Cowboys Finally Play Power Football At The Goal Line

A few times this season, I've spent time and effort chronicling the Dallas Cowboys aversion to 'gut' runs in short-yardage situations. Against the Patriots and against the Seahawks, when faced with one yard to gain for a first down, or at the goal line, the Cowboys have used trickery from their power-run formations in an attempt to pick up the needed yards - sometimes with success and sometimes without. This past week against the Bills, the Cowboys finally went conventional and DeMarco Murray found paydirt. I almost fancy that Jason Garrett was reading the posts here at BTB.

In the middle of the second quarter, with the Cowboys holding a 21-7 lead, the Dallas offense found itself with a first and goal at the Buffalo one-yard line. We've seen this situation before, so I was expecting some kind of play-action pass, or some kind of outside run.

Below is the alignment before the play, the Cowboys are lined up in a basic formation with tight end Jason Witten on the left-side of the line.

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At the snap of the ball, Phil Costa and Kyle Kosier double one defensive tackle, while Montrae Holland blocks the other defensive tackle in the same direction. Obviously, the Cowboys are running to the left-side of their offensive line. Doug Free is man-up with the defensive end, and just outside of the frame Jason Witten is blocking the outside linebacker. Fullback Tony Fiametta has his sights on the free inside linebacker.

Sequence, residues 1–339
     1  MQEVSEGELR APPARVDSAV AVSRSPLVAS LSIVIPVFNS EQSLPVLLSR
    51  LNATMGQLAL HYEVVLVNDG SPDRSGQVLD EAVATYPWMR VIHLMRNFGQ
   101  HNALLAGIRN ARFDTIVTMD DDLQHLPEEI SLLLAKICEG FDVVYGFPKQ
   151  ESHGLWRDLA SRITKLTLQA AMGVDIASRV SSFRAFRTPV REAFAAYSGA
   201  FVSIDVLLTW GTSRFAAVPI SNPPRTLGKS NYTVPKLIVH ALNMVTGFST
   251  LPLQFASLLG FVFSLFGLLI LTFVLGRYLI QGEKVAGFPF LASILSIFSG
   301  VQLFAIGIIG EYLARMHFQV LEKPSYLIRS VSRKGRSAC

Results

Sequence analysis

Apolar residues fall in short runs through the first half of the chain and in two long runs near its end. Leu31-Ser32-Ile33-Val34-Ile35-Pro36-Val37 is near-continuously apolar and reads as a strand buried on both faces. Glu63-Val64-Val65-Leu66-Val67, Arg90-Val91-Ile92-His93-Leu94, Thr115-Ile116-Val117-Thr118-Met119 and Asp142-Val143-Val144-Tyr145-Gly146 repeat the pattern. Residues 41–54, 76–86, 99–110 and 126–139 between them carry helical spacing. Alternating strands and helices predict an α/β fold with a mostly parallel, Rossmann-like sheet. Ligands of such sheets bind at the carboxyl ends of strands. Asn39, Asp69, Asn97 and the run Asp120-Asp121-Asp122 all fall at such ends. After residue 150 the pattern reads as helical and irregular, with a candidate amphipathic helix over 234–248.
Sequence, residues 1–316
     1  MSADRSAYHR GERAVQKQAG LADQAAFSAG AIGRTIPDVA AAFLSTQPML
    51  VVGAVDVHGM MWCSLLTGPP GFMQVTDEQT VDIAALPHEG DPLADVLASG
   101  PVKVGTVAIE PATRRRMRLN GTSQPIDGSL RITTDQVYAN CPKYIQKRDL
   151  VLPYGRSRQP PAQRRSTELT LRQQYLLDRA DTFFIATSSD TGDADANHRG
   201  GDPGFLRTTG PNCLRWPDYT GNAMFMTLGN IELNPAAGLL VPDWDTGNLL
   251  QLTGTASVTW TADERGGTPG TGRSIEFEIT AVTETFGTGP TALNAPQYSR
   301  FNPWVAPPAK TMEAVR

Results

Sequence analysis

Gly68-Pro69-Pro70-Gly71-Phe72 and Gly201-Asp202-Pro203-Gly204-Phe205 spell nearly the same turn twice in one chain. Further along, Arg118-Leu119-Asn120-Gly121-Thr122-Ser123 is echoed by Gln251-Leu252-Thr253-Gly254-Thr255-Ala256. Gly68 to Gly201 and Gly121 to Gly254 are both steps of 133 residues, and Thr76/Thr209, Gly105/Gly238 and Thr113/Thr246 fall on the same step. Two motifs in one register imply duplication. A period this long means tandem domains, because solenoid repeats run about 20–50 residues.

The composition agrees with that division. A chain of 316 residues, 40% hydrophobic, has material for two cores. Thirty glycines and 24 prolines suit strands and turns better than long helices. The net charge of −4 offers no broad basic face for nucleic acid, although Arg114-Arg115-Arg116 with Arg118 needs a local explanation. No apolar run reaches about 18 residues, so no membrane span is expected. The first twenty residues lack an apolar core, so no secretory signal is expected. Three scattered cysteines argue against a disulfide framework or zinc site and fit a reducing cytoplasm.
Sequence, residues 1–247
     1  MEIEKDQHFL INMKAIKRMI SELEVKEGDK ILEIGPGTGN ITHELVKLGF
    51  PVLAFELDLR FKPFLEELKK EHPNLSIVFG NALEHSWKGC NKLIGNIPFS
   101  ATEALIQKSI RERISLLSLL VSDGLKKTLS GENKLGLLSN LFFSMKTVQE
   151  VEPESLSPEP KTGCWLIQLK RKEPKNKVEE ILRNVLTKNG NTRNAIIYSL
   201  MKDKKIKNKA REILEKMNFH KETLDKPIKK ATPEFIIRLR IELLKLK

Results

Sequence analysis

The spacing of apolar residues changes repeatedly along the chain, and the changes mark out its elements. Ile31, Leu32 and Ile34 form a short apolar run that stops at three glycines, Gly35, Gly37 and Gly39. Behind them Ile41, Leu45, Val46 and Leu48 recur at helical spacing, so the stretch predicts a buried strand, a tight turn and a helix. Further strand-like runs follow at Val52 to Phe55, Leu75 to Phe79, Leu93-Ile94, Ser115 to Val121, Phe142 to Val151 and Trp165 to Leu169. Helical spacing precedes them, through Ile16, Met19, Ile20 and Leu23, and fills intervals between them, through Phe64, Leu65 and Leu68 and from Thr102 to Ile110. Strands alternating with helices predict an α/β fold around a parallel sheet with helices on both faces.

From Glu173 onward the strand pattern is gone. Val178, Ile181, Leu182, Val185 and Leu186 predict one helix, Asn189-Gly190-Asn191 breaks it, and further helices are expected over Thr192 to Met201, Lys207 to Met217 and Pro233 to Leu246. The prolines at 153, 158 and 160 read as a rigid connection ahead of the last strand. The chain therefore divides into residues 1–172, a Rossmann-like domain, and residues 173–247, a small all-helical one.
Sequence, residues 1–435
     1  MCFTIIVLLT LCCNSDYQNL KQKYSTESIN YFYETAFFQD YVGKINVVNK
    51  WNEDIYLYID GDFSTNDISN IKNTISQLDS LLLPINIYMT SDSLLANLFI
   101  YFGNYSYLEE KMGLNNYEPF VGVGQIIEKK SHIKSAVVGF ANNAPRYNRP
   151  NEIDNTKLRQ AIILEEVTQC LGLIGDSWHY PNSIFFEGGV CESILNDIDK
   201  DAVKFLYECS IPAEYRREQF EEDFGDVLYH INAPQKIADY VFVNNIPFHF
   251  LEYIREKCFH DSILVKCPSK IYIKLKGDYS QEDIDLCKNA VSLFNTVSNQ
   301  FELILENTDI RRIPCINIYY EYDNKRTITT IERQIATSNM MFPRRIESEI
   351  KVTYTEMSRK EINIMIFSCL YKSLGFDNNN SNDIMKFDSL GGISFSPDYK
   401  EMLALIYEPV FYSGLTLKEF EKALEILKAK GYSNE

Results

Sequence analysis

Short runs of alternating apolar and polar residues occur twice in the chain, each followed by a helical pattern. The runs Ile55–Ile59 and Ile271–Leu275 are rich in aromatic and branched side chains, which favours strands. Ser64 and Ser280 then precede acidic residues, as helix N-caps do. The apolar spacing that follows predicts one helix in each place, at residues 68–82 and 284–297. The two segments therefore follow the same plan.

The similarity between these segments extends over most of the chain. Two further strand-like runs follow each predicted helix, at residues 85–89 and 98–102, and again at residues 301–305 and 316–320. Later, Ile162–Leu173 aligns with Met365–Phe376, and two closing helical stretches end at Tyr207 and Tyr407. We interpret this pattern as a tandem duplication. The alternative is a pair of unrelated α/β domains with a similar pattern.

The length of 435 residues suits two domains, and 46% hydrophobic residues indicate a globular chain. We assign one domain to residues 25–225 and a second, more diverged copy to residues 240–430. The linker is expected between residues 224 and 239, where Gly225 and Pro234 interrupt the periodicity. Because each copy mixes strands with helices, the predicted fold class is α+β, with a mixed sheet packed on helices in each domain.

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Now, I've been advocating for this type of run in these situations in part because there is a low-risk factor with the football. But even on this play, the Cowboys almost ran into disaster when the handoff from Tony Romo to DeMarco Murray was bobbled. Below you can see Murray doesn't have the ball firmly in his grasp, but luckily he manages to secure it before he hits the traffic.

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In a wide-angle view, you can see how the play is progressing. All of the linemen, plus Witten and Fiametta are squared-up on their blocks and are winning the battle. A hole is opening between Free and Witten on the left-side.

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Another good view shows Fiametta with a form-perfect block on the inside linebacker, Free is driving his man into the endzone, and Costa has peeled-off his double-team block to just barely get to another linebacker to keep him from filling the hole. The hole is now opened between Free and Witten (Witten's leg is barely visible in the picture).

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Now here's the rub. Despite great blocking, a safety is left free to fill the hole. My support for this type of play is built on the premise that a running back can beat a tackle for one-yard by sliding off the contact to one side and falling forward. It's almost impossible for a tackler, one-on-one, to stop a running back from getting a yard if the back uses his smarts and angles to one side or the other.

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This is exactly what Murray does - he takes the contact and falls to his right, and the Cowboys have six points.

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I was overjoyed to see the Cowboys actually trust their blocking, and trust their running back to get one-yard for a touchdown instead of messing around with passes or trickery. Thanks Jason Garrett.

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